A basic principle of technical analysis is that security prices move in trends. We also know that trends do not last forever. They eventually change direction and when they do, they rarely do so on a dime. Instead, prices typically decelerate, pause, and then reverse. These phases occur as investors form new expectations and by doing so, shift the security's supply/demand lines.

The changing of expectations often causes price patterns to emerge. Although no two markets are identical, their price patterns are often very similar. Predictable price behavior often follows these price patterns.

Chart patterns can last from a few days to many months or even years. Generally speaking, the longer a pattern takes to form, the more dramatic the ensuing price move.


The following sections explain some of the more common price patterns. For more information on chart patterns, I suggest the book, Technical Analysis of Stock Trends by Robert Edwards and John Magee.


The Head-and-Shoulders price pattern is the most reliable and well-known chart pattern. It gets its name from the resemblance of a head with two shoulders on either side. The reason this reversal pattern is so common is due to the manner in which trends typically reverse.

A up-trend is formed as prices make higher-highs and higher-lows in a stair-step fashion. The trend is broken when this upward climb ends. As you can see in the following illustration, the "left shoulder" and the "head" are the last two higher-highs.

The right shoulder is created as the bulls try to push prices higher, but are unable to do so. This signifies the end of the up-trend. Confirmation of a new down-trend occurs when the "neckline" is penetrated.

During a healthy up-trend, volume should increase during each rally. A sign that the trend is weakening occurs when the volume accompanying rallies is less than the volume accompanying the preceding rally. In a typical Head-and-Shoulders pattern, volume decreases on the head and is especially light on the right shoulder.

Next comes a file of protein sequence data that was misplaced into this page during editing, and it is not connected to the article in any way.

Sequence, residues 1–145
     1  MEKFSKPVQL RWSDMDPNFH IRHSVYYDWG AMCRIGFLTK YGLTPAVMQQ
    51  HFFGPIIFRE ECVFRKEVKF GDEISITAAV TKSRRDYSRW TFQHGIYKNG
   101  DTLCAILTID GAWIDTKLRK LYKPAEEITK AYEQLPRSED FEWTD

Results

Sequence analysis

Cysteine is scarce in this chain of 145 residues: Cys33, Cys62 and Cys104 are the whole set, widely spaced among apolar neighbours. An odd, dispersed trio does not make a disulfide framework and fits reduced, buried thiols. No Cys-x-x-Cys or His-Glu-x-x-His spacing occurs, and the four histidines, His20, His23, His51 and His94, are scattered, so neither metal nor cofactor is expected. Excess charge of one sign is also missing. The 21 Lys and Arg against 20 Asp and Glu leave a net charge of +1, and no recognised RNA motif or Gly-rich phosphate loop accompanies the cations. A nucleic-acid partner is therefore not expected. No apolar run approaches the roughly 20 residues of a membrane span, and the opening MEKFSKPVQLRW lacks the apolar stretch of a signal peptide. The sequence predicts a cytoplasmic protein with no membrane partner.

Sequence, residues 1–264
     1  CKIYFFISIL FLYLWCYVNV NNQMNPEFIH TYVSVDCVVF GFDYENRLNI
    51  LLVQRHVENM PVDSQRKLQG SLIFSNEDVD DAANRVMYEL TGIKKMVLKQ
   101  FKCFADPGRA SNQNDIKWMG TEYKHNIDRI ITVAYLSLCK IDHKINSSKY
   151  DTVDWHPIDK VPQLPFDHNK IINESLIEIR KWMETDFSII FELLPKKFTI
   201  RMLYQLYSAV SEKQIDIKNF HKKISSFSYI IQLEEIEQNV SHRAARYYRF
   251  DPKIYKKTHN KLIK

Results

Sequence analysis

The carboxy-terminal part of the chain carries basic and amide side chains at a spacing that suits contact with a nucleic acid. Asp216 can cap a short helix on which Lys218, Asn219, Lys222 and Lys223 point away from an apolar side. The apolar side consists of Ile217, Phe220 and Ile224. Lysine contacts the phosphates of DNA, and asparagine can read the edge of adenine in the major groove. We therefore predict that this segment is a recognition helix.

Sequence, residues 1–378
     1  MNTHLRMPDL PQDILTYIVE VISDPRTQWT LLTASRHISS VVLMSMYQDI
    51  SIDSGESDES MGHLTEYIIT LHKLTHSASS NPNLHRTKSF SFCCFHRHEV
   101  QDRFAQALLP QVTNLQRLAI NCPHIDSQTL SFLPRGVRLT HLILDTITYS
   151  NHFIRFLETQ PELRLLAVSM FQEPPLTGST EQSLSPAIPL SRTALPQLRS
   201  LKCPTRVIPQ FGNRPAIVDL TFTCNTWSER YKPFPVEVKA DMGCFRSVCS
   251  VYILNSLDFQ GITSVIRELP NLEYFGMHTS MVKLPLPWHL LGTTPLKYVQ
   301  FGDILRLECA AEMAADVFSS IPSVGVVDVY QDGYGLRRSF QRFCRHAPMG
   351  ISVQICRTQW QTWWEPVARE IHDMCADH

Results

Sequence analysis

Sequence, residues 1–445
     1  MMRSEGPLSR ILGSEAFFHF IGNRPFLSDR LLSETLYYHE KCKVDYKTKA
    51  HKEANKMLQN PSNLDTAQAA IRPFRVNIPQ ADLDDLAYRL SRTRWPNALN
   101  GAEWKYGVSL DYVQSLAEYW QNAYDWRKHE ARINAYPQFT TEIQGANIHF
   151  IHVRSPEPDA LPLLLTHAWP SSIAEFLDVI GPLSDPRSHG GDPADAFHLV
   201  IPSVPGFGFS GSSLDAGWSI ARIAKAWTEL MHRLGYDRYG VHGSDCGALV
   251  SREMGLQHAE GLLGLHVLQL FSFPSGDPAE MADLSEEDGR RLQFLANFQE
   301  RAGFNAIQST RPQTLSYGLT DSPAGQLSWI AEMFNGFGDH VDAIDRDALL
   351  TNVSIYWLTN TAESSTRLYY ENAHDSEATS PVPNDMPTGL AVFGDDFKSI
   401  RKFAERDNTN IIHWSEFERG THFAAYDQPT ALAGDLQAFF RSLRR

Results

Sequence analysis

Following the penetration of the neckline, it is very common for prices to return to the neckline in a last effort to continue the up-trend (as shown in the preceding chart). If prices are then unable to rise above the neckline, they usually decline rapidly on increased volume.

An inverse (or upside-down) Head-and-Shoulders pattern often coincides with market bottoms. As with a normal Head-and-Shoulders pattern, volume usually decreases as the pattern is formed and then increases as prices rise above the neckline.

Rounding Tops and Bottoms

Rounding tops occur as expectations gradually shift from bullish to bearish. The gradual, yet steady shift forms a rounded top. Rounding bottoms occur as expectations gradually shift from bearish to bullish.

Volume during both rounding tops and rounding bottoms often mirrors the bowl-like shape of prices during a rounding bottom. Volume, which was high during the previous trend, decreases as expectations shift and traders become indecisive. Volume then increases as the new trend is established.

The following chart shows Goodyear and a classic rounding bottom formation.


A triangle occurs as the range between peaks and troughs narrows. Triangles typically occur as prices encounter a support or resistance level which constricts the prices.

A "symmetrical triangle" occurs when prices are making both lower-highs and higher-lows. An "ascending triangle" occurs when there are higher-lows (as with a symmetrical triangle), but the highs are occurring at the same price level due to resistance. The odds favor an upside breakout from an ascending triangle. A "descending triangle" occurs when there are lower-highs (as with a symmetrical triangle), but the lows are occurring at the same price level due to support. The odds favor a downside breakout from a descending triangle.

Just as pressure increases when water is forced through a narrow opening, the "pressure" of prices increases as the triangle pattern forms. Prices will usually breakout rapidly from a triangle. Breakouts are confirmed when they are accompanied by an increase in volume.

The most reliable breakouts occur somewhere between half and three-quarters of the distance between the beginning and end (apex) of the triangle. There are seldom many clues as to the direction prices will break out of a symmetrical triangle. If prices move all the way through the triangle to the apex, a breakout is unlikely.

The following chart shows Boeing and a descending triangle.

Note the strong downside breakout on increased volume.

Double Tops and Bottoms

A double top occurs when prices rise to a resistance level on significant volume, retreat, and subsequently return to the resistance level on decreased volume. Prices then decline marking the beginning of a new down-trend.

A double bottom has the same characteristics as a double top except it is upside-down.

The following chart shows Caterpillar and a double bottom pattern.